4. Rossby wave frequency change
a. Single-height seamounts
Equation (4.1) becomes invalid for |ωr| ≈ |ωt| as a result of a resonance between Rossby and topographic waves. A nonzero damping δ ≠ 0 smoothes this resonance; it can easily be shown that the transition between the increase and decrease of the Rossby wave frequency then occurs for |ωr| =
Figures 1 and 2 illustrate the discussion above: they displays ωr and Re(ω(1)) as functions of the wavenumber k1. Without loss of generality, we have taken λ = β = 1 (corresponding to a choice of space and time units); we have also chosen k2 = 1. Figure 1 is obtained for a height of the topography such that ωt = 0.25. The results demonstrate the change in the sign of Re(ω(1)) that occurs for |ωr| ≈ |ωt| = 0.25. They also show the resonance phenomenon that appears in the absence of Ekman friction, that is, for r = 0, and its smoothing for r ≠ 0, here for r = 0.15. Figure 2 is obtained for ωt = 0.5: this is greater than the maximum Rossby wave frequency, so there is no sign change for Re(ω(1)), which is always positive (corresponding to a slow down of the Rossby waves), and there is no resonance phenomenon. Note that the imaginary part of ω(1) (not shown) is always negative, as is expected for an additional damping. This can be established directly from (3.6) or more generally from (2.4)–(2.5) for arbitrary topographies (Vanneste 2000).
b. Random height seamounts
Figures 3 and 4 show the real and imaginary parts of ω(1) calculated from (4.3) for λ = β = k2 = 1. In Fig. 3 the topography is such that ωσ = 0.25; it follows that the transition in the sign of the (real) frequency change occurs for ωr = 0.2355. The damping introduced by the topography is seen to be significant since |Im(ω(1))| > |Re(ω(1))| except for large values of k1. Note that the frequency shift Re(ω(1)) decreases rather slowly for large k1 (it is then proportional to 1/ωr). In Fig. 4, ωσ = 0.5; since |ωr| < x0|ωσ| for all k1, the frequency shift is always positive, corresponding to a slowdown of the Rossby wave.
5. Concluding remarks
In this note, a homogenization technique is used to derive the dispersion relation for large-scale Rossby waves in the presence of a steep small-scale topography. The frequency change induced by topography is computed explicitly for sparsely distributed cylindrical seamounts. The assumption α ≪ 1 of a low density of seamounts allows the derivation of an analytical expression for the frequency change; it also implies that this change is small [O(α)]. It should be emphasized, however, that the homogenization procedure, and in particular the dispersion relation (2.4), can be employed for dense topographies, although in this case numerical computations similar to those used in different contexts (e.g., Sang and Acrivos 1983) will be necessary to evaluate sij(ω) from (2.5) and to compute the frequency. Importantly, a dense topography will lead to a frequency change of the same order as the flat-bottom Rossby wave frequency itself.
Our approach relies on a spatial averaging procedure and thus centers on large-scale waves. Consequently, the topographic waves, whose (small) scale is fixed by that of the topography, do not appear explicitly in the dispersion relation (2.4)—only the coupling between topography, β effect and Ekman friction has an impact on the large scales. It is therefore not surprising that, even for dense topography, the large-scale restoring mechanism provided by the β effect (or equivalently by a large-scale topography) is required for the existence of waves.3 This contrasts our study with the work of Jansons and Johnson (1988) who focused on small-scale topographic modes supported by arrays of seamounts.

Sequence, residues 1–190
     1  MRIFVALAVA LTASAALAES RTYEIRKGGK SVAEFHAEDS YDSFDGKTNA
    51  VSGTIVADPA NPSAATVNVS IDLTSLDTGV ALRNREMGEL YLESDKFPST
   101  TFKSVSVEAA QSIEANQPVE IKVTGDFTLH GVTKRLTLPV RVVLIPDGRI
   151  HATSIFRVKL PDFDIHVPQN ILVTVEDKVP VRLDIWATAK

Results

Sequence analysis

The main qualitative result of our work concerns the sign of the Rossby wave frequency shift. A general rule appears to be that topography “pushes away” the Rossby wave frequency from a typical topographic frequency; that is, the difference between the Rossby wave frequency and the topographic wave frequency increases as a consequence of the interaction between the two types of waves. This result, which is consistent with the general picture of linear wave interaction in stable systems (Craik 1985), is likely to hold in more general situations, for example, for baroclinic flows. Of course, the question of what the relevant topographic frequency is precisely for realistic topographies remains open. However, in realistic situations, it is likely that this topographic frequency is larger than the Rossby wave frequency and one may expect small-scale topography to cause a slowdown of the waves’ phase speed, which should be contrasted with the phase speed increase observed by Chelton and Schlax (1996).
Another result of this work is the finiteness of the damping induced by topography in the presence of infinitesimal Ekman friction. This phenomenon, which is associated with the possible resonance between topographic and Rossby waves, is analogous to the finite damping that appears for infinitesimally damped harmonic oscillators forced by a continuous spectrum of frequencies (Landau and Lifschitz 1976, sec. 26): topographic waves play the role of oscillators, while a Rossby wave provides the external forcing. The analogy has a twist, however, since in the Rossby wave case the forcing has a single frequency whereas the continuous frequency spectrum is associated with the oscillators because of the continuous distribution of seamount heights.
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The dispersion relation could also be deduced from the more general result of Vanneste (2000).
The limiting process implicitly assumes that α ≪ δ ≪ 1.